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deriving gratification from my conversation and assiduities?”

Julia felt too much hurt and provoked by the question to reply; she hastened to the pianoforte, and turned the pages of Handel's compositions to one of his most celebrated sacred airs. Doctor Sydenham and Mrs. Goodwin stood on each side of her; and Fitzroy, the moment she' touched the keys of the instrument, precipitately darted into the grounds. The symphony was short; and Julia's voice, in one bar of recitative, recalled him to listen, and gaze upon her; and one swell alone had reached the lawn, when lord Francis was drawn back, an entranced auditor.

Julia's voice astonished no one; but, thrilling to the heart, fascinated all. Her knowledge in music was profound. Instruction had taught her every thing the science comprised; but Nature herself had given her voice, taste, and feeling. From the moment she could articulate, Mrs. St. Clair had made her sing in every company she permitted her to appear in; her natural timidity prevented her singing with confidence; but, long habituated to it, she had acquired a pleasing and becoming ease,

equally devoid of disadvantageous bashfulness, and disgusting assurance. She seemed not to sing for applause, but to amuse herself; her heart, not her vanity, always appeared engaged in her performance; and so little did any idea of self engross our heroine, while exerting her musical abilities, that every look and gesture were left to sweet and unaffected nature; and she never appeared more gracefully unembarrassed, or more interestingly lovely, than when she played or sung.

When Julia ceased, no murmur of applause broke on her ear; for she had touched the hearts of her auditors, and speech was enchained by feeling; but when her symphony was ended, and that she instantly arose to quit the piano, an universal burst of entreaty to remain broke from all.

Lord Gaythorn had withdrawn with Miss Penrose from the pianoforte; and though now really charmed to enthusiasm, felt too much awed by the sublimity of the strain, given with such soul-touching effect, to presume to insult such excellence with the fulsome praise of common flattery; but his silence was the most eloquent plaudit. Tears were the incense offered by several of the ladies, and doctor Sydenham. Fitzroy, entranced, felt the magic of her power, and gazed and “looked unutterable things.”. Lord Francis felt too, but, covering his brow with his hand, hid his expressive countenance from observation; while lady Gaythorn, wlio had determined to yawn through Julia's song, found herself suddenly bound by an overpowering spell, that led her gently, sweetly, unresistingly, from the influence of envy and unkindness, to pure, unprejudiced, delighted admiration; and she suddenly, exclaimed, with energy unusual to her-" If you do not sing another song, thou fascinator! I shall expire with grief.”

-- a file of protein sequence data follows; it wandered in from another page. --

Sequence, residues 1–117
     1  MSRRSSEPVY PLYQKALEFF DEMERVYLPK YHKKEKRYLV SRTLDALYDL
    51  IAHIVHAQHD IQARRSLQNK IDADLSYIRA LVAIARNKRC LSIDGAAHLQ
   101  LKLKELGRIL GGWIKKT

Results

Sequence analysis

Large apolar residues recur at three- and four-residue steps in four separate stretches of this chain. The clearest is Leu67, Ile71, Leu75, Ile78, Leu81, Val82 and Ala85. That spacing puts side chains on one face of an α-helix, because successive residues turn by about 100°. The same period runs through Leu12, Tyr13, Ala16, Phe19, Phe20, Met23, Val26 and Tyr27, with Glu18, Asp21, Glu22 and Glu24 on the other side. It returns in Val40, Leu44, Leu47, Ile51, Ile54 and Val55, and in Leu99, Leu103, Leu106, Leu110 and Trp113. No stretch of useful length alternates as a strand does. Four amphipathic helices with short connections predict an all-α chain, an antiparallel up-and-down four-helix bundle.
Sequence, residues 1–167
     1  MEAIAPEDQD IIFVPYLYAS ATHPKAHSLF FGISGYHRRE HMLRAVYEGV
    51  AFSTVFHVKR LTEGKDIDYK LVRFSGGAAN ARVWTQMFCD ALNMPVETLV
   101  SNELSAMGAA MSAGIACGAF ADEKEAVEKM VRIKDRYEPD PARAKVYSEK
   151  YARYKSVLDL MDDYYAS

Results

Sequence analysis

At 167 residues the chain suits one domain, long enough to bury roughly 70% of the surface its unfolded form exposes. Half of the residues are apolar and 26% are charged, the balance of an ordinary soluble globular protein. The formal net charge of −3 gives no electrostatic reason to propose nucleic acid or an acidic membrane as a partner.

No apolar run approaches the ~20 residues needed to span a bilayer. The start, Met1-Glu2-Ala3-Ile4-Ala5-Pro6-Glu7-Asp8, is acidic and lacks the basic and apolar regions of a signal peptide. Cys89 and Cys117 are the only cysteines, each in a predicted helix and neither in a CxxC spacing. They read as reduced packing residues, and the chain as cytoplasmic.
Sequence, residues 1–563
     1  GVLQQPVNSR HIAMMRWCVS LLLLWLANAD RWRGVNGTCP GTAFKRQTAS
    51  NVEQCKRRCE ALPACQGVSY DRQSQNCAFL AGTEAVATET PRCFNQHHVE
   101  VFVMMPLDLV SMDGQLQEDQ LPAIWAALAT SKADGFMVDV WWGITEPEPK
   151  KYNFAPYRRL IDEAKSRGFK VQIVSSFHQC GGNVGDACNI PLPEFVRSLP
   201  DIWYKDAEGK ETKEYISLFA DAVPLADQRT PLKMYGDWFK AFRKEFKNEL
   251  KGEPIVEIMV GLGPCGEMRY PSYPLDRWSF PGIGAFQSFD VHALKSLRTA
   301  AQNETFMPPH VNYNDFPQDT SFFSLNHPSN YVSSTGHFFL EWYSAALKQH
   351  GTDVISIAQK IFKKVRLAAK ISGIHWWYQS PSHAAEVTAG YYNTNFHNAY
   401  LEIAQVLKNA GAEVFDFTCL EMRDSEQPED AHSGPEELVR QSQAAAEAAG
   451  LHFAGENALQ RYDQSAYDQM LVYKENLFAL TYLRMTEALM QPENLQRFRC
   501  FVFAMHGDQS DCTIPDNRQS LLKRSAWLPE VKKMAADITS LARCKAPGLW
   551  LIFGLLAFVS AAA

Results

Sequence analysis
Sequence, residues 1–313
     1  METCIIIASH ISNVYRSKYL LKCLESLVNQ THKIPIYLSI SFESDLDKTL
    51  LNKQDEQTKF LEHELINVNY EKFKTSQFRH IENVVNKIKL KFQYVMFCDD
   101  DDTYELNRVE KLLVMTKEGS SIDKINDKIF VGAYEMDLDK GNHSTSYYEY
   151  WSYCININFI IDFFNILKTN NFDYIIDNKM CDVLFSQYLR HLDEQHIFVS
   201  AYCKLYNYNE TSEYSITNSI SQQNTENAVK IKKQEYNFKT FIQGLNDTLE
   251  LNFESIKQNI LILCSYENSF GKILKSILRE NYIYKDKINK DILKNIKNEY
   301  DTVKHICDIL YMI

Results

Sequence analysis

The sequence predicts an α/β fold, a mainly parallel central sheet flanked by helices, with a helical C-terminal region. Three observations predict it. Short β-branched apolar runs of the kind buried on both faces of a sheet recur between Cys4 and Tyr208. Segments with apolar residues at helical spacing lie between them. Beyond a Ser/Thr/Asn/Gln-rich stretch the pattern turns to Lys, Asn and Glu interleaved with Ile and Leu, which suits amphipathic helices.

Julia now, covered with the glowing blushes which such flattering applause called forth, and with a sweet acceding smile, in compliance with the general entreaty, immediately reseated herself. Her second song only created ardent solicitude to hear more; and as lord Gaythorn still was awed to a respectful distance, she had no longer any motive for not obliging those who wished to hear her; and at the request of doctor Sydenham, she sung_“I know that my Redeemer liveth,” with such sweet

and melting delicacy, such chastely-beautiful embellishments, and such subduing emphasis, that all felt it was magic—the magic of melody and feeling. At the conclusion of this last song, infinite was the concern of every one of Julia's charmed auditors, to hear supper announced.

With tremulous eagerness, Fitzroy grasped the hand of our heroine to lead her to the dining-room. She had been hurt and offended by Fitzroy's address to her when she quitted him for the pianoforte; as she felt it not evincing sufficient respect for the delicacy of her feelings, and too much eagerness for the gratification of his own; therefore, though she permitted him to take her hand, she still was grave and dignified.

“Oh!" said he, softly to her, as he walked beside her_“ Oh! Miss De Clifford, after all this after thus enchanting me by every fascinating spell—should I never, never touch your heart, what will then be my misery!"

The soft, seducing tenderness of Fitzroy's look, and the resistless pathos of his voice as he spoke, subdued Julia's little displeasure; and she gently replied—“Why for you ever thus woo the anticipation so of every evil, when, perhaps, there is not evil at all for you?"

Fitzroy now caught again the truant Hope; his spirits were exhilarated to their very altitude; he was animated and entere taining to a fascinating degree. The rest of the company, catching more or less of his enlivening agrémens, bore their part with proportionate spirit in the pleasing conversation of the evening, which glided off so cheerfully, that with regret the party separated..

CHAPTER XIII.

In compliance with Mrs. Goodwin's request, Julia arose not the following morning to ramble with doctor Sydenham, upon account of the ball she was going to in the evening, which would keep her up to an unusually-late hour; however, she arose. sufficiently early to permit her taking a. short, but refreshing walk, alone, in the rectory grounds, before the family assem

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